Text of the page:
Democracy, the rule of law, individual freedom, human rights, all those things that we literally -- it's like the air we breath. We just take it. I mean, right now, you represent part of that: freedom of speech, freedom to think what you want.

And when you look at what Maduro has done with no independent election commission and that sort of thing to remind them this doesn't just come automatically to anybody.

So one of the reasons I wanted to come down and collaborate and consult with other democracies is to make sure that we're united in what were doing down here. We're transparent in it. We're obedient to civilian control of the military: You've seen it in Brazil, you've seen it in Argentina, you've seen it in Chile, you will see it Columbia.

You will not see it in Cuba, you will not see it in Venezuela, you will not see it in Nicaragua, where the military is used to oppress their own people and keep certain regimes in power.

So we don't take it for granted. We start on that common ground and then we talk about, "Okay, what are the practical things we're going to do military to military?" We're going to train together. We're going to work together. We're going to be on each others' staffs. We're going to share information. We're going to share technology.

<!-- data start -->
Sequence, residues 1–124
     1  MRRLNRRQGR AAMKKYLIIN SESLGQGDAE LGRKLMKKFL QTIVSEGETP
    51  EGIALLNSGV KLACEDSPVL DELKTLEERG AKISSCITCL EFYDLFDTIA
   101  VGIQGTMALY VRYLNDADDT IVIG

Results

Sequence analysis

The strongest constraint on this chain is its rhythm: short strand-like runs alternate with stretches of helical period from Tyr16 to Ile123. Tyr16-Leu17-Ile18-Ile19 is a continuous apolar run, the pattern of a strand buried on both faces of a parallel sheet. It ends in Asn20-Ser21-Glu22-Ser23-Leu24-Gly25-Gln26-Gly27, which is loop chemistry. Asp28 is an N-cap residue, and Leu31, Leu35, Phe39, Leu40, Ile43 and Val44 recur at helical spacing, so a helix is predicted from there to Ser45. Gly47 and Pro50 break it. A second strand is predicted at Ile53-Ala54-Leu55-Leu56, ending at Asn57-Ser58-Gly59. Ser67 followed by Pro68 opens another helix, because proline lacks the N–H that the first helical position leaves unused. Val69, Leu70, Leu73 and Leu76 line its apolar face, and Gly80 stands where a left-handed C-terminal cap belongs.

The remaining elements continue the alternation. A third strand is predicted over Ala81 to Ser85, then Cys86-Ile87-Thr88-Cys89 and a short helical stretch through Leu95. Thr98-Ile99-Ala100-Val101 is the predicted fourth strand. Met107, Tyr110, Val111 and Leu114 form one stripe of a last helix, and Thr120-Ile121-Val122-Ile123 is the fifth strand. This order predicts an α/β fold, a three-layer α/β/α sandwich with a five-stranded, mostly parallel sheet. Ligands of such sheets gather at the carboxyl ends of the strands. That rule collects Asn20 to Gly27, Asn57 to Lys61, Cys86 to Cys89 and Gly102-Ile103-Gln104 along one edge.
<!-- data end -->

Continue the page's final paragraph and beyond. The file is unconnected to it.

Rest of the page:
We're looking at each country separately. They tell us what they're looking to do. We look at where we have common ground. Where they have a challenge, for example security for an international conference, we find ways to help them.

This is the way we go about, in our Pentagon, in our National Defense Strategy, of line of effort number two. And that is to seek to broaden and deepen the relationships between allies and partners.

But, again, it was heartening to come down here. And sometimes you need to get down face-to-face on each other's ground and have the degree of rapport, the -- the degree of openness about what we're talking about. And it's -- it's going very, very well.

Each of the things I spoke about opens the door for more opportunities. And on some of those things we're starting task forces. Others are continuing.

For example, Chile will have a delegation in Washington, D.C., next week. That doesn't come out of this meeting. This has been many, many months in preparation. And this has to do with the document that you saw me sign today with the minister. And this has to do next week with putting practical application and where we have to work on cybersecurity -- in action. So they will be there next week in Washington.

One of -- the gentlemen who will be leading that, their undersecretary, was there present with us today at the meeting. Continuity of effort from our staff meetings a couple of weeks ago -- I think it was a couple weeks ago -- to the meeting today, to next week when they'll be in Washington.

Normal consultations, normal collaboration is only possible where there's a high degree of trust and a high degree of transparency.

Let me switch for a minute over to Afghanistan, because I'm sure you have some -- some questions here.

In Ghazni -- just -- a second here -- (inaudible).